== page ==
Jimmy Kimmel announced Thursday night that he’s going to take the summer off.
His ABC late-night show will air reruns for the next two weeks, then have guest hosts through July and August. Although Kimmel had celebrities cover for him in 2017 when his baby son had to have emergency surgery, I don’t think anyone else in late-night has done that since David Letterman was forced off the air in 2000 by his heart bypass surgery, and again in 2003 when he had shingles.
By the way, as with Conan O’Brien shrinking the length of his show, I think doing a half-hour instead of a full hour has been a positive for Kimmel, particularly during this working-from-home phase. As I’ve written before, thanks to Kimmel’s radio background, he’s much better than his rivals at doing a tighter monologue that doesn’t rely on live audience feedback (the same applies to having guests in remote locations). Plus, he no longer has to fill a later segment with lesser public figures, most of whom are far from money-in-the-bank interviewees.
After 18 years on the air, ABC obviously continues to consider Kimmel a big asset. In addition to his late-night show, he produced the live reboots of Norman Lear’s classic sitcoms that garnered very good ratings last year in primetime. In addition, Kimmel will host this fall’s Emmy Awards telecast (in whatever form that takes), and he’ll be back in the host chair when “Who Wants To Be A Millionaire” starts a weekly Sunday night run.
If ABC is thinking ahead, it will urge the producers of Kimmel’s late-night show to lean towards Black and female guest hosts, one of whom could eventually start up a new late-night franchise for ABC to follow his show. There hasn’t been a major network late-night show hosted by a woman since Joan Rivers’ “Late Show” was cancelled by Fox 32 years ago. I’m not counting Lilly Singh (whose “A Little Late” does air on NBC, but is really terrible and has very few viewers) or Samantha Bee (whose “Full Frontal” remains wonderful, but airs in primetime on TBS only once a week).
ABC could easily dump “Nightline” to debut a companion show to Kimmel’s. The news program has been essentially irrelevant for a long time, a tepid time-killer compared to its must-see status in the ’80s and ’90s under anchor and managing editor Ted Koppel, one of TV’s all-time great communicators. He was also the only broadcaster I know who regularly uttered this phrase: “I want to alert our affiliates that we’re going a little bit long tonight.”
Koppel used to say that whenever the topic and guests on an episode of “Nightline” were so compelling they needed more than the assigned 30 minutes to cover — and viewers usually stuck with it. The alert was really a heads-up message to the control room operators at ABC’s local stations who had to make sure the automated switching systems didn’t cut away from the show before it was over.
At the time, “Nightline” was the last thing on the network’s schedule each weeknight, followed on local stations by whatever syndicated fare they ran until sign-off (which also isn’t a thing anymore!). So, Koppel’s decision to stay on for another five, ten, fifteen minutes wasn’t bumping anything important, but it still took some adjustment by those local techs.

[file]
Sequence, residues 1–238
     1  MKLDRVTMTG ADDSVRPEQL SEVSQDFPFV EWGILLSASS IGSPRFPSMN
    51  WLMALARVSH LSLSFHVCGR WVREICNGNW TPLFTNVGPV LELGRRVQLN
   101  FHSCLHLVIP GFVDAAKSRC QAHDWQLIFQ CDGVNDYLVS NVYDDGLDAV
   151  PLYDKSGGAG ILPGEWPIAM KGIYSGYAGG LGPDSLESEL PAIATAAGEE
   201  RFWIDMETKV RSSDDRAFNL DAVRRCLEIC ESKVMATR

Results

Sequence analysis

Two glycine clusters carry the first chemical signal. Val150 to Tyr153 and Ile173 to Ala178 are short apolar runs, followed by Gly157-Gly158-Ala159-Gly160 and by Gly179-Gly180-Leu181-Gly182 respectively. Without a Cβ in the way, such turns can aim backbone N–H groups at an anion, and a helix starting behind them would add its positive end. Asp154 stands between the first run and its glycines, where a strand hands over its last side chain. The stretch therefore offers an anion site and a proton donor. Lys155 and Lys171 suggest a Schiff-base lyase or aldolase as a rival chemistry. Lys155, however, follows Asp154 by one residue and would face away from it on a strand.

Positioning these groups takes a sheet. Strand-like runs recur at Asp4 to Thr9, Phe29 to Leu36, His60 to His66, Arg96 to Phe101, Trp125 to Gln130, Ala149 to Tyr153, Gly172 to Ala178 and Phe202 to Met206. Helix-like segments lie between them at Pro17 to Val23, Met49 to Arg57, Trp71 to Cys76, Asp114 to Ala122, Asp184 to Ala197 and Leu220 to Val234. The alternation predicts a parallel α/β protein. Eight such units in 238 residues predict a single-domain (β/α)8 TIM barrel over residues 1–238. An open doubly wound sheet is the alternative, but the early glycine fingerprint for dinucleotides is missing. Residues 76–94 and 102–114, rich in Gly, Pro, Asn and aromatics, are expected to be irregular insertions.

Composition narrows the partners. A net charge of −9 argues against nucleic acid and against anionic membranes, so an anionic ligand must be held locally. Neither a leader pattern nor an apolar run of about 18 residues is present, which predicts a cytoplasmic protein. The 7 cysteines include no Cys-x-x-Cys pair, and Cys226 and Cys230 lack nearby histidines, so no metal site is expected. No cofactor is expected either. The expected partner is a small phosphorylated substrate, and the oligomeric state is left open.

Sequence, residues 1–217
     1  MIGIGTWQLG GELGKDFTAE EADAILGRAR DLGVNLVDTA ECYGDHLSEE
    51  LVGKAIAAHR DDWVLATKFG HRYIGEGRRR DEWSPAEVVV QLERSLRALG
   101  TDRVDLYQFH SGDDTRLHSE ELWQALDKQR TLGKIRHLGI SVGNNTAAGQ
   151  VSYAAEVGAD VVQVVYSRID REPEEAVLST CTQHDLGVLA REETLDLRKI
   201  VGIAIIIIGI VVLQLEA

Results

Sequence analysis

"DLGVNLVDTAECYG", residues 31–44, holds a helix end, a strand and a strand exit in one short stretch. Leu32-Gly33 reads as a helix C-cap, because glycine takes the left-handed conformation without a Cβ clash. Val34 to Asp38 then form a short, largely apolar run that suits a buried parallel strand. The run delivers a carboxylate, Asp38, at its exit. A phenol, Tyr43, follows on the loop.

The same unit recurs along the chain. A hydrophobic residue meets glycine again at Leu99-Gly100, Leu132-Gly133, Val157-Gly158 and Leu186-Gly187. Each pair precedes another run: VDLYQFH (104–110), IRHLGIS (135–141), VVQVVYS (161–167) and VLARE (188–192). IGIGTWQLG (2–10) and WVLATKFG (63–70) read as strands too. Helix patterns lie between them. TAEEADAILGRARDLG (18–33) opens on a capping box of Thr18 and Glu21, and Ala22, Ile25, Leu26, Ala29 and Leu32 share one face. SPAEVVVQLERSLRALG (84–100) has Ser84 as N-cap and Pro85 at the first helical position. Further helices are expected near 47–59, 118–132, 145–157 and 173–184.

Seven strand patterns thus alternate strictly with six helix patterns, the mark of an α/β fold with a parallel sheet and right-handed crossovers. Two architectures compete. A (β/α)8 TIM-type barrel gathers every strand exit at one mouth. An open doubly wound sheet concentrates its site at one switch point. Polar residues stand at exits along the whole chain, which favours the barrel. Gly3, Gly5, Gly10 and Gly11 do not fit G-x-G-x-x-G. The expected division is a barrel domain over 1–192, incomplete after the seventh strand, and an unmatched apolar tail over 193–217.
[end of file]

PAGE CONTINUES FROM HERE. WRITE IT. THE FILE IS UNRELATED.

Though Koppel hasn’t been associated with “Nightline” for fifteen years, I doubt he’d agree with my suggestion that ABC cancel it in favor of another comedian or entertainer getting the airtime. After all, these were his last words on the final episode of “Nightline” he anchored on November 22, 2005:
There’s this quiz I give to some of our young interns when they first arrive at Nightline. I didn’t do it with the last batch; it’s a little too close to home. “How many of you”, I’ll ask, “can tell me anything about Eric Sevareid?” Blank stares. “How about Howard K. Smith or Frank Reynolds?” Not a twitch of recognition. “Chet Huntley? John Chancellor?” Still nothing. “David Brinkley” sometimes causes a hand or two to be raised, and Walter Cronkite may be glad to learn that a lot of young people still have a vague recollection that he once worked in television news.
What none of these young men and women in their late teens and early twenties appreciates, until I point it out to them, is that they have just heard the names of seven anchormen or commentators who were once so famous that everyone in the country knew their names. Everybody.
Trust me, the transition from one anchor to another is not that big a deal. Cronkite begat Rather, Chancellor begat Brokaw, Reynolds begat Jennings. And each of them did a pretty fair job in his own right. You’ve always been very nice to me, so give this new anchor team for Nightline a fair break. If you don’t, I promise you the network will just put another comedy show in this time slot. And then you’ll be sorry.
That’s our report for tonight, I’m Ted Koppel in Washington, [and] from all of us here at ABC News, good night.
I would argue that in 2020, there is no TV news anchor, on any network, who rises to the stature of the men that Koppel mentioned. Moreover, in the modern era, I can’t think of a single broadcast personality who has the power to tell the affiliates “we’re going to run over.”
Or any show that would demand it.